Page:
Sales of Festivus Poles Booming

Sales of Festivus Poles are reportedly booming this year. The holiday, which was popularized in a 1997 episode of Seinfeld, occurs on December 23 and celebration observance of the holiday includes the traditional Festivus Pole, the airing of grievances, and feats of strength.

In observance of the Festivus holiday, Liberal Values will be airing our grievances Saturday morning.

Miller Defends Blogosphere Against Rago’s Attacks

Rich Miller has a column at the Chicago Sun-Times responding to Joseph Rago’s attack on the blogosphere which I discussed earlier this week. I had noted that some of the same attacks which Rago makes on the blogosphere also apply to the mainstream media. Miller also appears to realize this when he asks, “What is it about the Internet that makes some political pundits, columnists and reporters so goofy? It seems like almost every time I read a mainstream media story about political Web sites and bloggers, the pieces are full of ill-informed junk.”

Miller gives some examples of poor coverage of the blogosphere by the mainstream media, and also notes the diversity among bloggers:

I don’t think Rago has spent much time on blogs or he’d know that several specialize in, and are very good at, taking on complex topics that the mainstream media barely skim. Others promote citizen reporting that is often better than anything you’ll find in a newspaper. Others are hilariously funny, on purpose, and others are drenched in irony.

Look, there’s a lot of bizarre behavior on the Internet. And there’s no shortage of vitriol, either. Some people are just strange. But much of the harsh language about politicians and the reporters and columnists who cover them are more than justified…

This phenomenon is not going away, no matter how much it is dismissed or chastised. The Internet has been seized on as a democratizing tool by millions of perpetually democracy-hungry Americans. Bloggers should definitely be open to criticism by the mainstream media. That’s America. But lumping everyone together with the crackpots is neither fair nor honest. And the fact that so many reporters and pundits can’t seem to get the story right just proves the bloggers’ point that too many of them don’t know what they’re talking about on everything else.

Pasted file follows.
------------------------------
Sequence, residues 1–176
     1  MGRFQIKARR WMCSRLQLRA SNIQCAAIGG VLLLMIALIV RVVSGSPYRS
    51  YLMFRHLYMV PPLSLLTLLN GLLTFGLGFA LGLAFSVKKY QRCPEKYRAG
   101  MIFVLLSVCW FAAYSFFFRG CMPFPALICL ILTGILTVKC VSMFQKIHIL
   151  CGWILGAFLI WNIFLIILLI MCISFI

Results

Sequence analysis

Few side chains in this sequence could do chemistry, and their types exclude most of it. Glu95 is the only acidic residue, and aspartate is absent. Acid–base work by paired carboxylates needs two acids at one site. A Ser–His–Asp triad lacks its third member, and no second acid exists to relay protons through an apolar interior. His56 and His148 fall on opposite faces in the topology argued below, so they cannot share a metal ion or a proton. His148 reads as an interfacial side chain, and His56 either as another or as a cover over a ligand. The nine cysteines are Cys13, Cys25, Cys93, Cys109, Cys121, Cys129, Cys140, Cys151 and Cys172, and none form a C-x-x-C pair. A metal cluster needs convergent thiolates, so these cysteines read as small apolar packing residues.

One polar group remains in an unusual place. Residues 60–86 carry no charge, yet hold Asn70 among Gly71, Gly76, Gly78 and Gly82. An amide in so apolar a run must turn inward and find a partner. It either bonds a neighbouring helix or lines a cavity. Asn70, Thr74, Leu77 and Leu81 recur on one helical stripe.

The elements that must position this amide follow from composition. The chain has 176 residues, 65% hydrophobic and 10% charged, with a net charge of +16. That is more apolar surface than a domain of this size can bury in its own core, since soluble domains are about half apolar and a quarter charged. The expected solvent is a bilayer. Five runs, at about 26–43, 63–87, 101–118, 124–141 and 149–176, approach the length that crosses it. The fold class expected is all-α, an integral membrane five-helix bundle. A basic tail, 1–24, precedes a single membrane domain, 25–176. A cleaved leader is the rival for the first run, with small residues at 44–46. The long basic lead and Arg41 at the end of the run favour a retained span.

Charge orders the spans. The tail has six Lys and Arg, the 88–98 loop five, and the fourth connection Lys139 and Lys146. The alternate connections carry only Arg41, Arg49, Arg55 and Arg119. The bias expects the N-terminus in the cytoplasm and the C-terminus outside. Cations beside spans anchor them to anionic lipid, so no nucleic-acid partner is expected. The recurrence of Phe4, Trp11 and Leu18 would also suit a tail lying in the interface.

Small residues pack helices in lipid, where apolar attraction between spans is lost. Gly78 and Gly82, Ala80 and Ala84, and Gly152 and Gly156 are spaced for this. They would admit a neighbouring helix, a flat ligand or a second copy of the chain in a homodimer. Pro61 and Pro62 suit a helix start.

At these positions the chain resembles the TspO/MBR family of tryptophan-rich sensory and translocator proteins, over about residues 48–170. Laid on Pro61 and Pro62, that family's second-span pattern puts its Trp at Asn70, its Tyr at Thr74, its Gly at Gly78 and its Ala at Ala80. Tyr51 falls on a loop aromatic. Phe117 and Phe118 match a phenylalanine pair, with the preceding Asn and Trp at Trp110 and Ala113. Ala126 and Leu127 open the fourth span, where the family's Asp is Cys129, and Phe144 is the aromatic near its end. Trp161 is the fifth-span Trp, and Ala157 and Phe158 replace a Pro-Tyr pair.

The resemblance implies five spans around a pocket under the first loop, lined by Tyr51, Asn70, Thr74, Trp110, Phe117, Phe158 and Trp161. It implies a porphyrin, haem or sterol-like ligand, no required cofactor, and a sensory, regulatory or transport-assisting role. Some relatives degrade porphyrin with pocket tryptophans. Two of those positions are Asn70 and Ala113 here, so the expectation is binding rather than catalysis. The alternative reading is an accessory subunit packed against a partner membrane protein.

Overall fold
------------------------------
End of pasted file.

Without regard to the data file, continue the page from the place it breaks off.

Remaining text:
SciFi Friday: Daleks, Cybermen, Harry Potter, President Chelsea Clinton, and Lizzy McGuire

Last week Doctor Who ended with The Doctor sensing a storm of global proportions coming. Tonight the second season ends with two episodes, Army of Ghosts and Doomsday, which involve the Daleks and Cybermen turning the Earth into a battlefield. The Doctor must make a great sacrifice to protect the Earth.

Perhaps the Daleks and Cyberman could be seen as robots fighting for their rights. As previously discussed (here and here) the British government has commissioned a report on the ramifications of artificial intelligence.

Every morning Brett Hopper woke up and it was the same morning again–the morning in which he was framed for murder. The cycle ended this week as Brett Hopper did not awaken on that day but it wasn’t due to solving the mystery. ABC pulled Daybreak due to poor ratings. Wednesday doesn’t appear to be a good day for shows other than Lost as The Nine has also been placed on hiatus, with claims that the remaining episodes will be shown later this season. ABC has mentioned plans to release the remainder of the episodes of Daybreak in some other format, such as streaming video or DVD.

Alternatives to conventional broadcasts have become increasingly common this season. I caught Heroes on the SciFi Channel after missing its network premiere, and watched the first half of the season of Jerhico on streaming video. Last summer I caught some of this season’s episodes of Doctor Who thanks to bit torrent but soon such shows will even be available legally as the BBC has announced plans to make many of its shows available on file sharing sites.